|Clam-shell go stones|
|Tournament in Hyuga-city, Miyazaki|
|Every year, during the rainy season. I come home to Japan for the World Amateur Go Championship. This year the tournament was held in the city of Hyuga, well know to go fans for its clam-shell go stones.|
| It goes without saying that the WAGC was a magnificent
tournament -- what surprised me was that clam-shell stones were used in
all the games. Not only in the main event, the WAGC, but also in the children's
tournament and in games played by the general public -- everything was
done in style.
Usually in Europe the stones are plastic, or, if you're lucky, glass. I was so envious, my head spun.
|This is my fifth year in Europe. I'm worried about my tetsuki (the way one holds the go stones) -- it's gradually become slovenly. My skin also seems to have become slack . . . Eh? that's age? Well, putting that aside, my posture sitting at the go board and the lack of beauty of my play are a shock to me because of their lack of professionalism.|
Not using proper stones, not playing serious, competitive
games, playing too few games -- these are the reasons that occur to me
and they all seem valid.
Using proper equipment: this is especially important for children, I think.
For example, suppose you drop a stone. Children quickly pick it up. After a brief glance around, they wipe it clean on their clothes and put it back in the bowl. No one has taught them to do this; they probably realize instinctively that clam-shell go stones are special. And this feeling communicates itself to the adults and foreigners watching them.
This kind of trivial thing nurtures good manners and respect for things.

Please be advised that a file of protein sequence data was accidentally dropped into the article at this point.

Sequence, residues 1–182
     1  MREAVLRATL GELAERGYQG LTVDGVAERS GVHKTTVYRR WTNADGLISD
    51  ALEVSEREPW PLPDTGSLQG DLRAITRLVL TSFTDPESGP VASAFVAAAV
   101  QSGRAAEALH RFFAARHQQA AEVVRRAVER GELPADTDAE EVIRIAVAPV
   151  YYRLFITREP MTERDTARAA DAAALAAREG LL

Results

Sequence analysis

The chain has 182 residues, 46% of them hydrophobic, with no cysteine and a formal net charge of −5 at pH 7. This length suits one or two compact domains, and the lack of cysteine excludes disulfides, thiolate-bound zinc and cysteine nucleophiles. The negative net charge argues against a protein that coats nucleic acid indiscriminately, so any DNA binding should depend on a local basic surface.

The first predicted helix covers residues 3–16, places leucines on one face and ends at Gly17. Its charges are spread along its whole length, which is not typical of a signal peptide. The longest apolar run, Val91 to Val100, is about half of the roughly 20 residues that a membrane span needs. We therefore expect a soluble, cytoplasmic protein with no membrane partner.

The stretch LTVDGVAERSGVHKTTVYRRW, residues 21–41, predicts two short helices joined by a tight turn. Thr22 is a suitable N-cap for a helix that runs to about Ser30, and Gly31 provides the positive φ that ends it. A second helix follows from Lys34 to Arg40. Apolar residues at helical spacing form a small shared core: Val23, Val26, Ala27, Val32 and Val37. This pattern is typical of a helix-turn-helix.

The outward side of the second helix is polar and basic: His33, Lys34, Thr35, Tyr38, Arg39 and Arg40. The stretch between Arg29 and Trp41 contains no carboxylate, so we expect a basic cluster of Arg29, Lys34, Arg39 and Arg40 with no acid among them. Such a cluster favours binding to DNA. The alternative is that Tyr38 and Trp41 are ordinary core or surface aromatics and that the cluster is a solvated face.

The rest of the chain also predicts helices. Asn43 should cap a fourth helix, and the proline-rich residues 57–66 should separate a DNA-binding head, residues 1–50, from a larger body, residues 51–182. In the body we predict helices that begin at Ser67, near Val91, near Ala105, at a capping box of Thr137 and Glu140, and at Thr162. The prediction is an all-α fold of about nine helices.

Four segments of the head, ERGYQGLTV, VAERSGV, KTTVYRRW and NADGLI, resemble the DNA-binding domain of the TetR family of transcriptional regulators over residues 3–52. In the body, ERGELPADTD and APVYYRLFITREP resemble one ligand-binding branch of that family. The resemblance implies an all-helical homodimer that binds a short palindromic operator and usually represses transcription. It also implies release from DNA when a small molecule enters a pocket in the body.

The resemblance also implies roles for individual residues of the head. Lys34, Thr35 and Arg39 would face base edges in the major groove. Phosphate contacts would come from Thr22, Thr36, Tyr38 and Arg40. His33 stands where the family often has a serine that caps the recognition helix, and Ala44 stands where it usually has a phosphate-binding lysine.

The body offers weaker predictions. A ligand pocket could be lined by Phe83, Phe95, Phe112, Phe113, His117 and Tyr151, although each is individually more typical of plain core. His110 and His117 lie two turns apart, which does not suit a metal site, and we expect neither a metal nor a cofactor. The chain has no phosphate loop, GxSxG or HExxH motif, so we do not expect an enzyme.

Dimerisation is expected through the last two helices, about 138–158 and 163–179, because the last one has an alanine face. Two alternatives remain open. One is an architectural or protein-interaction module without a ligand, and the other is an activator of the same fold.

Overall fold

And yet, not only in Europe but in other countries
outside Asia, it's extremely difficult to get a complete set of go equipment.
Japanese-made equipment is super expensive; moreover, it's in scarce supply.
Because of this, one often encounters very interesting -- sometimes unique -- go equipment in different countries.
A board is relatively easy to make -- you can do it just by drawing a grid on cardboard or a piece of wood -- but stones are difficult. Buttons, caps of juice bottles that have been coloured in, chips of wood, 'bread stones' of solid flour, etc., etc. I am often filled with admiration for people's inventiveness, unimaginable to someone like me brought up in Japan, which is overflowing with material things.
|A few years ago, someone in the Czech Republic started manufacturing go equipment, so things have changed. The Czech Republic has low prices and plenty of wood, and large-scale production keeps the prices low; the country is conveniently located for supplying other countries and this helps popularize go. It's killing two birds with one stone.|
|The boards, made from pieces of wood joined together, may not be kaya, but they are pretty. The main product is a 2-cm table board that sells for about 4,000 yen. The stones, which are of plastic or glass, are a tougher proposition. Stones will probably be a problem long into the future.|
By the way, in my own home we use a Czech go set --
it looks just as good as the real thing.
On the final day of the WAGC tournament, the participants were given sets of go stones by Hyuga City. This is a great idea. Everyone was really happy and grateful, while I was envious.
One of the players said that when he went home he
was going to look for shells and try manufacturing go stones himself. That
won't be easy, but, even if they have no money, go fans overseas are happy
to give up their time for the game.Who know? It might lead to something.
This thought occurs to me as I eat the spaghetti vongole that's one of
my husband's best dishes.
(August 2001, Monthly Go World)